Maine is known and loved for its beautiful lands, lakes, rivers, and coastline—and we owe a lot to the individuals who have helped protect these natural resources. Each year, the Natural Resources Council of Maine recognizes several of those who have made significant, lasting contributions to safeguarding Maine's environment by presenting them with a Conservation Leadership Award. As part of our Conservation Leadership Awards, we include an award that is given to a person or people who are nominated and voted on by NRCM members and the public, our People's Choice Award.
Join us for our 2018 Conservation Leadership Awards on Wednesday, October 17 in Yarmouth.
This year we will honor:
Horace (Hoddy) Hildreth (Falmouth) Lifetime Achievement Award Hoddy Hildreth was elected to the Maine Legislature in 1966, a time when the state’s environmental laws had no teeth. Hoddy helped to change all that, crafting some of the most important environmental laws on Maine’s books. He followed his public service with more than four decades of private service on the boards of Maine conservation groups and as a business voice for the environment.
Sandy and Ole Jaeger (Georgetown) Sandy and Ole Jaeger are a force of nature, for nature. They call their elected officials, write letters to editors, attend legislative hearings, and organize public meetings with their representatives.
Bill Mook (Walpole) Bill Mook of Mook Sea Farm draws on his real-life experience as a shellfish grower and Maine business owner to advocate for clean water and the climate.
Robin Robinson(Brunswick) 2018 People’s Choice Award winner for creating a flourishing online educational community of people who share photos and information about all aspects of Maine’s wild birds, including threats to their habitats and opportunities to make a difference.
In 2017, we were pleased to honor six individuals:
- David L. Courtemanch (Mt. Vernon) Lifetime Achievement Award, for his deep knowledge of and dedication to protecting Maine’s waters
- Tony Giambro and Travis Ritchie of Paris Autobarn (South Paris) For their outstanding citizen and business leadership on climate and energy issues
- Martha Spiess (Freeport) for her work as a citizen activist/videographer volunteering hundreds of hours of video production for environmental protection
- 2017 People’s Choice Award: Addie Farmer and Lainey Randall of Portland for their work to remove plastics and other pollution from Casco Bay. Listen to an interview with Lainey and Addie.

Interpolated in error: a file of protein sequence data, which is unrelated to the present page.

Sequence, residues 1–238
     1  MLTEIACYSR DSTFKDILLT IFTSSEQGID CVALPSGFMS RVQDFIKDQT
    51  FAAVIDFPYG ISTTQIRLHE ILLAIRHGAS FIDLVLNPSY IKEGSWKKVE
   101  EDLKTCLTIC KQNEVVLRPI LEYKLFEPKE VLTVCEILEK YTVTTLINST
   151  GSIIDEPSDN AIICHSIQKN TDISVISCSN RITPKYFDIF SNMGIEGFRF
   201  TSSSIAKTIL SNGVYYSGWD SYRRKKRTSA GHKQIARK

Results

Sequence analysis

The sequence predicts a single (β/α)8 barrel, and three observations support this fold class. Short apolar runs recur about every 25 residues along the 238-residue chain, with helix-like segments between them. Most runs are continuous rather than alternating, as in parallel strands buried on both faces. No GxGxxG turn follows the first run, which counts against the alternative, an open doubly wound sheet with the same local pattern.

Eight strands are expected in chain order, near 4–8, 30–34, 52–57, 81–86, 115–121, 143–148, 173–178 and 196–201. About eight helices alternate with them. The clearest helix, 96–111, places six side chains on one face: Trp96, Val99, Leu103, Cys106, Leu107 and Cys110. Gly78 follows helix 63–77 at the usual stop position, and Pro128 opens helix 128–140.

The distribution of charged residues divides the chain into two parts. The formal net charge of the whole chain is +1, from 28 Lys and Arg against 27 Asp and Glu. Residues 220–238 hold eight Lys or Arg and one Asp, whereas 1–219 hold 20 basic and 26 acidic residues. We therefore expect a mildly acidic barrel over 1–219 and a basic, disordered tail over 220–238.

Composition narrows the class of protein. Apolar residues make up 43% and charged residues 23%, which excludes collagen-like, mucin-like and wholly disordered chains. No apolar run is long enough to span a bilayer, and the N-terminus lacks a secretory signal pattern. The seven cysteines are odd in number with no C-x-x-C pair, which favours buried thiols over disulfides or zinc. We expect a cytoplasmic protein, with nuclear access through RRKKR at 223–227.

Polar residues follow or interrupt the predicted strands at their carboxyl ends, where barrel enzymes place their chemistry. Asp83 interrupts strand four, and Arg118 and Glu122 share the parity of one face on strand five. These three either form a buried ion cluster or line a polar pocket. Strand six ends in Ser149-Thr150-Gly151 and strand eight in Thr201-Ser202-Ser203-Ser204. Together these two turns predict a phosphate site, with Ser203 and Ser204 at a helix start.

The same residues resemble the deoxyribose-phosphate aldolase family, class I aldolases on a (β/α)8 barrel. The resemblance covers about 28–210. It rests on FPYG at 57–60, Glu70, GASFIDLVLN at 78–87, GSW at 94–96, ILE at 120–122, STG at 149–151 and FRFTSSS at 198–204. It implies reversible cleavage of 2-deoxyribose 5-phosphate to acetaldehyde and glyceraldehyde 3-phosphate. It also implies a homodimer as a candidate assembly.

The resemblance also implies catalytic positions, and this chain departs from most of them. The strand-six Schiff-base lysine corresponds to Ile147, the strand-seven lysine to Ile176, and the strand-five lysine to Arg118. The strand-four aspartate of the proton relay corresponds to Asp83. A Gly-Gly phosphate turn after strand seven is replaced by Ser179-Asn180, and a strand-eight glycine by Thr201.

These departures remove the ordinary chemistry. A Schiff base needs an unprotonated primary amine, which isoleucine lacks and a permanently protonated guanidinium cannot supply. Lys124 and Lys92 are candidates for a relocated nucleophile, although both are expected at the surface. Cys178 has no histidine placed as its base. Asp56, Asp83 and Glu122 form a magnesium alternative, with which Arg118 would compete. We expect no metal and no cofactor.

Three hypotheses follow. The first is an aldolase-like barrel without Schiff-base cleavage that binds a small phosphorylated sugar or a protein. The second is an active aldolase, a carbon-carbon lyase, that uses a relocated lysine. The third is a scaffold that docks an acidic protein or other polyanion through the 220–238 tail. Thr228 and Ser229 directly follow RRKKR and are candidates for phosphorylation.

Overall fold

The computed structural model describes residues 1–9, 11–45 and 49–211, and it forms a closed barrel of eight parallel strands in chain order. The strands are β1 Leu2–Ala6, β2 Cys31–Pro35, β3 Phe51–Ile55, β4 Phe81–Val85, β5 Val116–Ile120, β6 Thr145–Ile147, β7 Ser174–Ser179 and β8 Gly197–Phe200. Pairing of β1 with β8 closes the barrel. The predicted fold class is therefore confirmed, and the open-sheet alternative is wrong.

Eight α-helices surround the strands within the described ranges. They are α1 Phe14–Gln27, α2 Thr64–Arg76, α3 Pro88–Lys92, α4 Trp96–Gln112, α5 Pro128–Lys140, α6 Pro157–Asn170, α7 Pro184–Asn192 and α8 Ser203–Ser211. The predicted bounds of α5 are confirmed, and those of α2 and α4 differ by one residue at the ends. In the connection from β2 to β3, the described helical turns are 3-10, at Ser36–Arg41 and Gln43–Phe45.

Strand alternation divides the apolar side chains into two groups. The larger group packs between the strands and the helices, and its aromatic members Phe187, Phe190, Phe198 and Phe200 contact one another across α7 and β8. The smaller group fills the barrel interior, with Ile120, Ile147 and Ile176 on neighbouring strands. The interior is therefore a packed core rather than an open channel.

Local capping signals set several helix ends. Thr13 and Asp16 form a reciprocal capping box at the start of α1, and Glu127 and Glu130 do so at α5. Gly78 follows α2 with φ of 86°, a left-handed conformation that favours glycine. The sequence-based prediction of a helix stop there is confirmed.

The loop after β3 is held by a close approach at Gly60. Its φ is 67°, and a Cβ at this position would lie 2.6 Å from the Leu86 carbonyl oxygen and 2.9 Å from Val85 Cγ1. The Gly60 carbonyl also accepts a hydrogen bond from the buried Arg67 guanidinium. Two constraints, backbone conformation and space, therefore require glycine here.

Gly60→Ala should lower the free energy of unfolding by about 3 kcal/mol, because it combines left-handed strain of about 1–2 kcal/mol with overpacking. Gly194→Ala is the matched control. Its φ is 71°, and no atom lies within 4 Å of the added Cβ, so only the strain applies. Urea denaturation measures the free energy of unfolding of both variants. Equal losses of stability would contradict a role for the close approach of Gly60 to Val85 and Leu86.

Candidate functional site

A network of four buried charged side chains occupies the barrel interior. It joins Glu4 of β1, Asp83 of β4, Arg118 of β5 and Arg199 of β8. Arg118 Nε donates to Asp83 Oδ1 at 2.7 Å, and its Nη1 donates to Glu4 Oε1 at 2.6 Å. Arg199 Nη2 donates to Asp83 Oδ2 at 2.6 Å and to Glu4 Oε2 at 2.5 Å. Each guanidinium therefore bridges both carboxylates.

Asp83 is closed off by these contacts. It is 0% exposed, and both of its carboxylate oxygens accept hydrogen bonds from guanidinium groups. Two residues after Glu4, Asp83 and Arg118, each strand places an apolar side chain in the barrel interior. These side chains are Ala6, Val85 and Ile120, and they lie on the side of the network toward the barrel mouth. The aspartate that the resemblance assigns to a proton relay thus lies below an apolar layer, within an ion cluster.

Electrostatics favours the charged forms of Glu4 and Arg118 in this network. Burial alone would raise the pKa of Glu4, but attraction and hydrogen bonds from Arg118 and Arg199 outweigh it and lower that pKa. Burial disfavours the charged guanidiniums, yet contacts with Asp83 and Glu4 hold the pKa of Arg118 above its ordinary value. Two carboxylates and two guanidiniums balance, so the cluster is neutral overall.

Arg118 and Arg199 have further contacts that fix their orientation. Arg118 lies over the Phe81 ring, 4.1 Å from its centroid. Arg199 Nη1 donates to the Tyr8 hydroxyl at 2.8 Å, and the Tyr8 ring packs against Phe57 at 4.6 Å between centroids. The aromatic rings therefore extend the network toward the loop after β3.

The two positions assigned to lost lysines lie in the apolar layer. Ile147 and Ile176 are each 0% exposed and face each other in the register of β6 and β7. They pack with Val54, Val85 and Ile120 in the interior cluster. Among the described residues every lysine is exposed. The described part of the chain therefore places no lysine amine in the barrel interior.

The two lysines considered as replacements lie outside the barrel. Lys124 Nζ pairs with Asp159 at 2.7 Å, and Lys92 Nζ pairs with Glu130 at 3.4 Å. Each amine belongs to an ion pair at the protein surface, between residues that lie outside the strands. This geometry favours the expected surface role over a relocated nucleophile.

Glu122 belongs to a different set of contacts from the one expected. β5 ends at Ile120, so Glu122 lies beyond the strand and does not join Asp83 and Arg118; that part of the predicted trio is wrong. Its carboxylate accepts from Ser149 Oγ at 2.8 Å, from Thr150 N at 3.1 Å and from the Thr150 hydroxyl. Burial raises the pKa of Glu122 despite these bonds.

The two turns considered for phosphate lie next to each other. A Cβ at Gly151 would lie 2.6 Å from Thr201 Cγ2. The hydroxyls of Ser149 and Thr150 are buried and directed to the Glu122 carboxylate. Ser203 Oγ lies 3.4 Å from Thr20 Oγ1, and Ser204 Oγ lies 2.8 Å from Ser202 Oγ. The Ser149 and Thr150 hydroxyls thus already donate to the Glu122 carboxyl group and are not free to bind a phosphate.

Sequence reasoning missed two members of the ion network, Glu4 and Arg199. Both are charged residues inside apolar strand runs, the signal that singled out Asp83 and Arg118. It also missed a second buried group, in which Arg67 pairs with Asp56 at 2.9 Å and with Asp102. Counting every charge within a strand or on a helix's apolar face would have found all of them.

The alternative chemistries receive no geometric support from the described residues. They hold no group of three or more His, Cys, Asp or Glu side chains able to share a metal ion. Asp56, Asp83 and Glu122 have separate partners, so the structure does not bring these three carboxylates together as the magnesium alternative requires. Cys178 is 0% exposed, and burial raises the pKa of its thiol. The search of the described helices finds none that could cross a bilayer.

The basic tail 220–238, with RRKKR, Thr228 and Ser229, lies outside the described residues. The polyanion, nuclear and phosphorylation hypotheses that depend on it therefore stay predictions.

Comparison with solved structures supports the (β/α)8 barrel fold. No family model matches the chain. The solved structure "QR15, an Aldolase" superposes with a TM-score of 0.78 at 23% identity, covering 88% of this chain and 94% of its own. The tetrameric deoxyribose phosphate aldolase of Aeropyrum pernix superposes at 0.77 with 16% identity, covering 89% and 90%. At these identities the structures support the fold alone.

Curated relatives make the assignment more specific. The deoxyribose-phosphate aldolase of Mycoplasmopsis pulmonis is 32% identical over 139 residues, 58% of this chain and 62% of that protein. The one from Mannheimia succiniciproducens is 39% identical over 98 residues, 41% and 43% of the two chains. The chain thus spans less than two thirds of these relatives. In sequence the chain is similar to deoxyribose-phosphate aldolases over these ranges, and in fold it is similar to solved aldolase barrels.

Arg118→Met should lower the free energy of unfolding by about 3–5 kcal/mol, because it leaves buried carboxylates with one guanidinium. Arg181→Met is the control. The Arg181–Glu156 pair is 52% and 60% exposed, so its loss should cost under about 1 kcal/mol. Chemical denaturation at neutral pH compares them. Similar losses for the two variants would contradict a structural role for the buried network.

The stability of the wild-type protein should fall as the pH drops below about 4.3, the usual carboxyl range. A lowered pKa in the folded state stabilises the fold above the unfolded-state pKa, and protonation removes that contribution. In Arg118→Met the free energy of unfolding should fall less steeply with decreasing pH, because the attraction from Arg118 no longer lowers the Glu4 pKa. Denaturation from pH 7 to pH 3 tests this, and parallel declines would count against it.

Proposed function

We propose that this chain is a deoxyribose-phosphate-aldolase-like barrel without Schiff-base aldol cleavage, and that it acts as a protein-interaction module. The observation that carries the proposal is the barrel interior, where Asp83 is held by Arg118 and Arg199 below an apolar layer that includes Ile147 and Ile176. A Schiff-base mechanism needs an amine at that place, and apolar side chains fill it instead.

"I am humbled because I never really think of myself as a passionate advocate for the environment. Certainly not in the frame of the other awardees that have come before me. But my passion has been to learn about the natural world, to figure out the science behind it all, and especially to learn more and better understand the living world that is around us. That is what I really think is the foundation for how we act. As this moment in time, when science seems to be having a diminishing value, and some out there are either frightened by science, or prefer to avoid it, I guess I am particularly gratified that this award comes at this time to me. Thank you very much.” - Dave Courtemanch
“We learned a lot during this project, but the biggest lesson is that all of us can make a difference in the health of our ocean, lakes and rivers. We can do it one plastic bit, one cigarette butt, and one piece of garbage at a time. We hope you will join us when you can and pick up marine debris when you see it. Thanks so much for this meaningful award.” — Lainey Randall and Addie Farmer
“It’s hard for me to believe that what we are doing at the Paris Auto Barn is so special to warrant such a prestigious award, but I am deeply honored to receive it. I look forward to the day when businesses who put people and planet first are the norm, rather than the exception. Thank you.” - Tony Giambro
“Tony and I were in Germany just last week for an electric vehicle symposium, and I was amazed at the advancements they have made. It makes me optimistic for the future. From the air, you could not count all of the wind turbines spinning in the breeze. In every small village, there were houses from the 1600’s with solar panels on the roof. From sustainable energy to transportation, each of these small moves make and impact. It is possible, just make the moves and we can advance as a society.”
- Travis Ritchie